Most people traveling to Chile will most likely end up in Santiago, even if it’s just when they fly into the country. One of the best things about the city is its close proximity to both the mountains and the coast.
It’s worth taking at least a day or two to take some day trips and explore the surrounding region’s natural and cultural attractions. From visiting wineries and trying delicious cuisines to hiking in the mountains and lounging on a sandy beach, there’s a little bit for everyone just outside of Santiago.
Just 1.5 hours from Santiago, Tunquen feels like a world away with its spectacular sunset views over the water. The Tunquén Wetland Nature Sanctuary is home to some of the region's most unique species of birds, plants and animals. Spend your vacation relaxing on the beach which is covered with fine white sand. Tunquen is the perfect spot for birdwatching enthusiast, home to Trile, Oyster Catcher, the Huairavos, the Taguas and Hualas, as well as both large and small herons. If you want to be close to the beach, Tunquen Magico offers magnificent ocean views. Find more things to do in Tunquen.
If you are looking for a quick change of scenery closer to Santiago, the sister property Chena Magica is just a short drive from the city.
2. Cajon del Maipo, Santiago, Chile
Cajon del Maipo is a place that’s synonymous with sports and adventure. The largest natural area of Santiago, it gives visitors and locals alike a break from the busy life of the city. Adrenaline seekers can climb boulders, go rafting, dive into brooks, or go bungee-jumping.
Flowing from the base of the Andes, the Maipo River is the energy source running through the village. For a calmer experience, visitors can explore the area’s paleontological sites, have a picnic by the crystal-clear ponds, try fly fishing, or go horseback riding. There’s also the local food to try, like mud-over baked empanadas.
3. Casablanca Valley
Known all over the globs for immense wine production, the Casablanca Valley near the city of Santiago is a place to visit to sample some of the best flavors Chile has to offer. Situated between the Pacific Ocean and the coastal mountains, the fertile Casablanca Valley is characterized by its refined preparation of white wines in its Sauvignon Blanc and Chardonnay varieties. The beautiful valley and its numerous wineries and vineyards are a must-do day trip from Santiago for any white wine enthusiast. The wines here also pair nicely with the sophisticated local food found in several area restaurants.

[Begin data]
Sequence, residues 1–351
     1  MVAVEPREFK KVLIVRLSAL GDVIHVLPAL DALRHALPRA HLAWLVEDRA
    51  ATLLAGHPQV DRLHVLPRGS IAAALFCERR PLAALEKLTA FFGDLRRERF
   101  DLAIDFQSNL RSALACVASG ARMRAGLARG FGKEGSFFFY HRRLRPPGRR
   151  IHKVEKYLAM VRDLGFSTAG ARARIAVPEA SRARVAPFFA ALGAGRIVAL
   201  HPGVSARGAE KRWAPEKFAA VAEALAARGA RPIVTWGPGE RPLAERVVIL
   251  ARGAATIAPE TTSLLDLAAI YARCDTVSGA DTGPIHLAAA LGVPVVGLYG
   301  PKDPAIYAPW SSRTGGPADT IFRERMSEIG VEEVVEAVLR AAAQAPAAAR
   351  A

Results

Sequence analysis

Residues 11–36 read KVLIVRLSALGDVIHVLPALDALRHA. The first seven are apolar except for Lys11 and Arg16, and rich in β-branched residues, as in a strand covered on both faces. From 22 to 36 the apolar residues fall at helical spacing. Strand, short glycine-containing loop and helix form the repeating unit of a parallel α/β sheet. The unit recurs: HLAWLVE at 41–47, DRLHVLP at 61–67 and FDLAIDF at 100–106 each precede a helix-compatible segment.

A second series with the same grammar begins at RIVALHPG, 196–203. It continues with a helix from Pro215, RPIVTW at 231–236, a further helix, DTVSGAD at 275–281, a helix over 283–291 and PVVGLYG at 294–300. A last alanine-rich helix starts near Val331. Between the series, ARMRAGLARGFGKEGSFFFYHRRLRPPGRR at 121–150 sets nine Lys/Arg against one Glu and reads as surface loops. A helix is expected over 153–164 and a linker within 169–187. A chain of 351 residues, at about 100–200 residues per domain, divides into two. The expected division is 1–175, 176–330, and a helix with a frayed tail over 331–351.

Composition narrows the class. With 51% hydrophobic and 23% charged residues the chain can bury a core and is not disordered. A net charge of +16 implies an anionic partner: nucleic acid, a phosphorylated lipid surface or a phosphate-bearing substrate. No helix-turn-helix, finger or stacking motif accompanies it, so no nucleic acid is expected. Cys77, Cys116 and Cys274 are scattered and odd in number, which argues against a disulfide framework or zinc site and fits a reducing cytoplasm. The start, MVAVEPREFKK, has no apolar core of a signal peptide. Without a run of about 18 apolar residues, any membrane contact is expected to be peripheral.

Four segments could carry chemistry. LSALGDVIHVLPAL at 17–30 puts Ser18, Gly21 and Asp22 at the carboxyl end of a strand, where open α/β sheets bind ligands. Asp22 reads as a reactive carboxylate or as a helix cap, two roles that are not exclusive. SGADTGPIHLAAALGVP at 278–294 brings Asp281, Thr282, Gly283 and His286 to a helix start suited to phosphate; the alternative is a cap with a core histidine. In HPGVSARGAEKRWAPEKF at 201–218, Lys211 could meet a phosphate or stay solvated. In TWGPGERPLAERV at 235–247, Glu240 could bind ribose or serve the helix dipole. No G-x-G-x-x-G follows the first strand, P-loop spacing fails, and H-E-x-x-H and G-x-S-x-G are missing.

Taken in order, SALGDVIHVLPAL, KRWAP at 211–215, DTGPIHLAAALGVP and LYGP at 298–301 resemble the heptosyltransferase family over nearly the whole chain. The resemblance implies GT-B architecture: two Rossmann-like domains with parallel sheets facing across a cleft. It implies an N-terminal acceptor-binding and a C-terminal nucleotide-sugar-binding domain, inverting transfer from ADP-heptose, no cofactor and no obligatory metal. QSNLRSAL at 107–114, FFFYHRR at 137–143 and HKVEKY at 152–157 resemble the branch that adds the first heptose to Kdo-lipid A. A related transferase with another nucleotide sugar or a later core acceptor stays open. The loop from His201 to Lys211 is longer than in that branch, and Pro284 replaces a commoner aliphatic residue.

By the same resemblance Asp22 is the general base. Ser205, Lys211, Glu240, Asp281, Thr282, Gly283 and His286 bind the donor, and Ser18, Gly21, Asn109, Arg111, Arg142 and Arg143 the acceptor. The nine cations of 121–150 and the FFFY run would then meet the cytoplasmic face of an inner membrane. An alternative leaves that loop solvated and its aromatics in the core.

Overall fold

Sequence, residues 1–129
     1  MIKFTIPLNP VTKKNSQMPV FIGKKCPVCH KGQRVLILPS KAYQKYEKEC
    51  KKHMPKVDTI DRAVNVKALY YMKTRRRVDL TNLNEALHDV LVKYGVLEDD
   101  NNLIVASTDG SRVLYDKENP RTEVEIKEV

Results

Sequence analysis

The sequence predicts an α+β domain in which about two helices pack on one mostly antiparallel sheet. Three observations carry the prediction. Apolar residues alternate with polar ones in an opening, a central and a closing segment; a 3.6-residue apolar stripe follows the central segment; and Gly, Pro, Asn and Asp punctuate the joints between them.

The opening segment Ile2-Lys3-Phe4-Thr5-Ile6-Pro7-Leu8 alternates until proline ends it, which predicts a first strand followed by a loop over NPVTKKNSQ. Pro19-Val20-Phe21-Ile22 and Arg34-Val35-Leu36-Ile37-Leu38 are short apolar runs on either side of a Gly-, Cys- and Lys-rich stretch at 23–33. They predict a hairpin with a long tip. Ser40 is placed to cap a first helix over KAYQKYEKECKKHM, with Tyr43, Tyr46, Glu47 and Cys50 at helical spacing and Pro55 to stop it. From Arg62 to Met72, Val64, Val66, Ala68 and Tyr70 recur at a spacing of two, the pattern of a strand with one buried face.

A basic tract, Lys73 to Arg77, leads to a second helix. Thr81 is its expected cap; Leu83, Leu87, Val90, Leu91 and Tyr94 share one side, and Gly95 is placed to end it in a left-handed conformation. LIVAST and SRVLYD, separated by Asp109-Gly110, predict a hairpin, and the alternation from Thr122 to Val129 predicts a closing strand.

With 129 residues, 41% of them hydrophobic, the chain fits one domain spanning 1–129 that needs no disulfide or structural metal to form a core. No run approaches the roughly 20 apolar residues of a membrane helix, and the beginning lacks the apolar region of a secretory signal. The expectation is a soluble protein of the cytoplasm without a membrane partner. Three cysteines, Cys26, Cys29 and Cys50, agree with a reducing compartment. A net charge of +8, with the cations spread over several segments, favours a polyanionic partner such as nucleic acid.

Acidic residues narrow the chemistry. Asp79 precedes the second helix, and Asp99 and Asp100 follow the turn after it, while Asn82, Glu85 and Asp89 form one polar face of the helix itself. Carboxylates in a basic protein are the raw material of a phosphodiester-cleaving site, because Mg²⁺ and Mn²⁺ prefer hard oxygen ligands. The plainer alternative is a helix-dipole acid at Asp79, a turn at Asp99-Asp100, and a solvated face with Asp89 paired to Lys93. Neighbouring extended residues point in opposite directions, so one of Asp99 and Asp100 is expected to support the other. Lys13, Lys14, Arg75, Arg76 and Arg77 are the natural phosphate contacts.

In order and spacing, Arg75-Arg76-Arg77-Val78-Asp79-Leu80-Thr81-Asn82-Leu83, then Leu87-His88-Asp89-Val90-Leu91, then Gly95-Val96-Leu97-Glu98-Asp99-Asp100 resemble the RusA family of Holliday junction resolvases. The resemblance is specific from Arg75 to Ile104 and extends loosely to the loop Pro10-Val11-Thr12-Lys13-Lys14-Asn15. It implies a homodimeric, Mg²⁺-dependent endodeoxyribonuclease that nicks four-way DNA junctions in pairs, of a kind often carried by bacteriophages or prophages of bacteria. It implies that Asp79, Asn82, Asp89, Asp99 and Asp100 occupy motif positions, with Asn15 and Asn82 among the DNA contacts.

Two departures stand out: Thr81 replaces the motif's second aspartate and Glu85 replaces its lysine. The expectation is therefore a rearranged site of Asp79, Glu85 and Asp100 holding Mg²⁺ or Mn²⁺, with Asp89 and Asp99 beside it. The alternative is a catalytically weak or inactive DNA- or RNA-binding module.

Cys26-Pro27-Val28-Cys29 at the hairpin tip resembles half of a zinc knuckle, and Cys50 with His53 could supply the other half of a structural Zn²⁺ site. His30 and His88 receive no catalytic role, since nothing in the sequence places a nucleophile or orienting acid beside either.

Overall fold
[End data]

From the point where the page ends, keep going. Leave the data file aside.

Vacation Idea: Rent a beachfront getaway on the coast of Chile in Tunquen.
4. Day Trip from from Santiago, Chile: Concon
Concón in central Chile has been a popular seaside resort for the locals of Santiago for more than one hundred years, with large stately homes first surrounding the well-tended gardens or situated among the rocks only meters away from the ocean. While many of these houses still exist today, there are now several high-rise buildings vying for their own share of the amazing views of the water. Concón has declared itself as the country’s “Gastronomic Capital” as well, boasting possibly more restaurants per capita than other Chilean towns, with many serving excellent seafood. The other main attraction here is the beaches.
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5. El Morado
Travelers venturing out of the city of Santiago, Chile for a day trip to El Morado should be prepared to be awestruck by the spectacular views of the iconic Andes Mountains, as well as the rush of adrenaline they will get as they climb to the El Morado lookout, and further to the San Francisco Glacier, or even El Morado itself, which is a mixed, very difficult climb that’s shouldn’t be taken lightly. Visitors can also discover the beautiful endemic species, camp beneath the starry night sky, or go horseback riding through the mountains just outside of Santiago.
6. Embalse El Yeso
The Embalse El Yeso is a day trip from bustling Santiago that offers a peaceful escape and a chance to connect with nature, while taking in the fresh mountain air and stunning vistas of the Andes Mountains. The Embalse El Yeso is located in the mountains just outside of the city and is a reservoir created by damming the Maipo river basin’s Yeso River. Visitors can easily stop by San Jose de Maipo, a small town, along the way, as well as several historical landmarks, which is especially easy to do by joining a tour of the area.
7. Isla Negra
For any poetry fans, they can follow in Pablo Neruda’s footsteps with a day trip to Isla Negra. Just as the Nobel Prize winner in Literature once did, visitors will likely fall in love with the coastal town with the sound of breaking waves serving as artistic inspiration. Travelers can also visit Pablo Neruda’s home and see the collection of wild objects he accumulated during his lifetime. Isla Negra is also a great place to just walk around, taking a stroll down the winding roads of the town. The mix of homes constructed during the 1960’s are also an interesting sight to see.
8. Maipo Valley
The Maipo Valley is ranked as one of the most picturesque spots in Chile, with the massive peaks of the Andes creating a perfect visual backdrop. It also happens to be home of some of the top wines in the country. The king of wines here is Cabernet Sauvignon, which pairs great with some of the region’s grilled meats and rich stews. Located about thirty miles from Santiago, the Maipo Valley is home to several traditional haciendas, boasting a countryside pace of life and the occasional roaming Chilean cowboy, making it feel like visitors are in a completely different world.